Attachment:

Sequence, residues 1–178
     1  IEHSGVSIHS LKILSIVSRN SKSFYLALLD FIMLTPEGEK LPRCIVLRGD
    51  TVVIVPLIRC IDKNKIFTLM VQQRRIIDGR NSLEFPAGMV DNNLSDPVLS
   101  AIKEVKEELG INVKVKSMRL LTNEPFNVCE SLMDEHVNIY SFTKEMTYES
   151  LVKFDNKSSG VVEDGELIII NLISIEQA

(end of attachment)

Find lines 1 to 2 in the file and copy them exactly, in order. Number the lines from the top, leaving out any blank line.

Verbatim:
Sequence, residues 1–178
     1  IEHSGVSIHS LKILSIVSRN SKSFYLALLD FIMLTPEGEK LPRCIVLRGD